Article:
Bar Book: Elements of Cocktail Technique by Martha Holmberg, Jeffrey Morgenthaler, Alanna Hale

By Martha Holmberg, Jeffrey Morgenthaler, Alanna Hale

Author note: Martha Holmberg (With), Alanna Hale (Photographer)
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Written via well known bartender and cocktail blogger Jeffrey Morgenthaler, The Bar Book is the single technique-driven cocktail guide in the market. This vital advisor breaks down bartending into crucial suggestions, after which applies them to development the simplest beverages. greater than 60 recipes illustrate the suggestions explored within the textual content, starting from juicing, garnishing, carbonating, stirring, and shaking to selecting the proper ice for correct chilling and dilution of a drink. With how-to images to supply concept and suggestions, this e-book breaks new flooring for the house cocktail enthusiast.

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For the price of a nice dinner out, you can pick up a new cider press, the kind with the wood-slat pressing tub. It’s got some disks inside, and a big metal screw that you turn to slowly press the juice out of the apples. If you want to go this Pennsylvania Dutch route and are planning on going through tubs and tubs of the stuff at a time, be my guest. For the rest of us for whom a cider press will only take up space and collect dust most of the year, I recommend a juice extractor or the MacGyver centrifuge method (see page 36).

The unfortunate thing is that even though I’m an experienced bartender with the knowledge and skills to make perfectly executed classic cocktails from fresh ingredients, I’m still conditioned to think of this sad little section of the grocery store any time I hear anyone say the word mixers. And I think most other people do, too—which is terrible news for cocktails—because unlike you and me, some people actually make a point of shopping here when it comes time to mix their alcohol with other ingredients.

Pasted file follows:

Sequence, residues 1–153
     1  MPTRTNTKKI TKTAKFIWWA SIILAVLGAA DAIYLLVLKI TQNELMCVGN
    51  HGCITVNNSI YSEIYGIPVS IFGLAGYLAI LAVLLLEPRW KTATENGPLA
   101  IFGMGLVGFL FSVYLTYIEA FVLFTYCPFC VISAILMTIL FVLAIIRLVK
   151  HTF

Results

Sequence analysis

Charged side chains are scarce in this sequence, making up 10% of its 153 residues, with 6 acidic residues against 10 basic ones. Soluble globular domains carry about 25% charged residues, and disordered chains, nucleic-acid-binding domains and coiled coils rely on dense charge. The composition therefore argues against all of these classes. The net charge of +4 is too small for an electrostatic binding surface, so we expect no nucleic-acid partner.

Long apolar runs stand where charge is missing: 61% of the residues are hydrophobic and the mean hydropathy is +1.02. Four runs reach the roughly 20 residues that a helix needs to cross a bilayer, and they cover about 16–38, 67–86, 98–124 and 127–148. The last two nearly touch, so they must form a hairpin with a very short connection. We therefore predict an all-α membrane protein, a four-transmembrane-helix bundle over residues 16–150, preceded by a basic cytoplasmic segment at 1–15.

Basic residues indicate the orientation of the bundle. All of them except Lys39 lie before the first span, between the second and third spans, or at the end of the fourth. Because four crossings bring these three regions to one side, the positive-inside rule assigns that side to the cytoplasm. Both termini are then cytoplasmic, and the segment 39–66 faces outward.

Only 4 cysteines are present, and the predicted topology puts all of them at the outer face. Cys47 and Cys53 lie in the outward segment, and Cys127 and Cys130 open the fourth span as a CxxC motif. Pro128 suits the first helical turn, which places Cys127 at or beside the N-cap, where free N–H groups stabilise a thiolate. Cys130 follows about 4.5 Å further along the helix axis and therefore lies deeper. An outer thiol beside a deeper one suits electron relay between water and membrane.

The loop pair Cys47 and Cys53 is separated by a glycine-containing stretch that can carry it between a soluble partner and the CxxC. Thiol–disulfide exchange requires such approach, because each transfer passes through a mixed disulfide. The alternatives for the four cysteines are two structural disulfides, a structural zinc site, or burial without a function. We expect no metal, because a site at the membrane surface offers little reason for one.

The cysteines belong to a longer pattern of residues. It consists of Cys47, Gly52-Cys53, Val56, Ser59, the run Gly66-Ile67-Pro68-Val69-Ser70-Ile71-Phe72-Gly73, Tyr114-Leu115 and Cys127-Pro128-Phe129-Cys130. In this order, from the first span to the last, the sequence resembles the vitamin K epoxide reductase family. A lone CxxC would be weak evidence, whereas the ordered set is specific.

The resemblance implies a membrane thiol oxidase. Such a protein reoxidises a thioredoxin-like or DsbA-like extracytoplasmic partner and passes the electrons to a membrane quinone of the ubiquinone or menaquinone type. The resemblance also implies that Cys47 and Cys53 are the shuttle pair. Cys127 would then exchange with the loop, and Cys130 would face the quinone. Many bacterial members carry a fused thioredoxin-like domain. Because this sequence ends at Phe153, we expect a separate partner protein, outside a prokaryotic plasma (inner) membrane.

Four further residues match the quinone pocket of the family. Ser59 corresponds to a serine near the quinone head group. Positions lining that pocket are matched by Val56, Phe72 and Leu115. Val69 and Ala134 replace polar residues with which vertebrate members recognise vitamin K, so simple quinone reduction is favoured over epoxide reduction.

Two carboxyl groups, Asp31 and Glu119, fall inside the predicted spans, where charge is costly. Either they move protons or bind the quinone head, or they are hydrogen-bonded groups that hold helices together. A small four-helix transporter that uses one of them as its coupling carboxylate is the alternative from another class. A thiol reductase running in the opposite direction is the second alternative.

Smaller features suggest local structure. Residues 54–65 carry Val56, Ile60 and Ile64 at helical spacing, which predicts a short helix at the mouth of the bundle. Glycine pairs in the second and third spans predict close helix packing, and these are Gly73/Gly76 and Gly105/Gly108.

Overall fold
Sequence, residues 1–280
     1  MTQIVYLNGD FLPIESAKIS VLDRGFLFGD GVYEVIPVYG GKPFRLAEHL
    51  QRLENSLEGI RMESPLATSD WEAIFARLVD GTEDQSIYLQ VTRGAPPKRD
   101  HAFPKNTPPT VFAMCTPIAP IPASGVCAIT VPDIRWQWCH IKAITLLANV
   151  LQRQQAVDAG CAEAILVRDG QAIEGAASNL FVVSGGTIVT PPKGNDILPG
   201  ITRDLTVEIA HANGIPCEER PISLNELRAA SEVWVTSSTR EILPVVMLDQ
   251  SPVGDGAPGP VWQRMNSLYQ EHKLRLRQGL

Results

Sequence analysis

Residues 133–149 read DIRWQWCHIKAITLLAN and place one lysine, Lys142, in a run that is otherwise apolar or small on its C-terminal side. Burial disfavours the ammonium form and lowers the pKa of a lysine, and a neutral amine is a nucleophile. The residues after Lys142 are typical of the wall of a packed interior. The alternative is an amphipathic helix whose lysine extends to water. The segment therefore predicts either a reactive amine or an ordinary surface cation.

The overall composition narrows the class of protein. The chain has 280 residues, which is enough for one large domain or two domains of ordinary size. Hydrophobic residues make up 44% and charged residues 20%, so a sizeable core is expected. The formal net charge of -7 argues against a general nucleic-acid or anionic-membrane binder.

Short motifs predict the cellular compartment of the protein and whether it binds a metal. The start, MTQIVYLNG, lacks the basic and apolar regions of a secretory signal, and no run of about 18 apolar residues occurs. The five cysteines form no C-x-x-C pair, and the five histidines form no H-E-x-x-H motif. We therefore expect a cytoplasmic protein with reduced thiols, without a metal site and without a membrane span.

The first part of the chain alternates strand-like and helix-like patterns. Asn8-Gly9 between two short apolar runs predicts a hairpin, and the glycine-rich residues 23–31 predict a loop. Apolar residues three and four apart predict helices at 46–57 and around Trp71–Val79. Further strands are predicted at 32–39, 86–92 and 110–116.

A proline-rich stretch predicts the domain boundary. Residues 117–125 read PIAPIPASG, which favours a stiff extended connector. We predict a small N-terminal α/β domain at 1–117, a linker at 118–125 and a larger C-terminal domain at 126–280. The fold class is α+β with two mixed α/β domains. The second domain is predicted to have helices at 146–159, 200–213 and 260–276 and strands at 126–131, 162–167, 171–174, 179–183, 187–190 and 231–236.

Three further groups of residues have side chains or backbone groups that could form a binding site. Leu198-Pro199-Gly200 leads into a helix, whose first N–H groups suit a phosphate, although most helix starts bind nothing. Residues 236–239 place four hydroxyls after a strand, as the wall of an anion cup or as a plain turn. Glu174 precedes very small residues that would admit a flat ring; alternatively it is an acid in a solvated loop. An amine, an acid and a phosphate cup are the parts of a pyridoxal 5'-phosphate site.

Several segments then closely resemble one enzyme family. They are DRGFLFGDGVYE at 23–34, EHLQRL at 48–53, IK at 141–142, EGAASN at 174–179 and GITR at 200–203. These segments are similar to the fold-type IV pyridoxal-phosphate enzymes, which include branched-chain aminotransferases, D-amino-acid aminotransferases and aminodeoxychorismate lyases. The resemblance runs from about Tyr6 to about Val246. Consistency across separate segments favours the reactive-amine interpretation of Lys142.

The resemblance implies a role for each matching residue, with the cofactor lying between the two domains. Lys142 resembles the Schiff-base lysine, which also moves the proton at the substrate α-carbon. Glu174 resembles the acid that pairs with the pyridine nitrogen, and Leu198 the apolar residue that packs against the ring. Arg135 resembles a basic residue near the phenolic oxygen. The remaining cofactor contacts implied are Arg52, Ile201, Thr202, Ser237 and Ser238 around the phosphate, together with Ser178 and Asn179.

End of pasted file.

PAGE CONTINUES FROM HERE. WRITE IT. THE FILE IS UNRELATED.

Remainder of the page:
After toying around with the proportions at my bar for years, we’ve finally settled on the ratio of 1 part puree to 3 parts prosecco. It’s the perfect balance. In an 8-oz/240-ml Champagne flute, this works out perfectly to 1½ oz/45 ml of puree CHAPTER NO. ” While a lot of the newer, hipper stores with incandescent lighting and the word organic plastered all over the place will choose a more elegant label, such as “Sodas” or “Beverages,” for their mixers aisle, the bigbox stores still hang on to that word: mixers.

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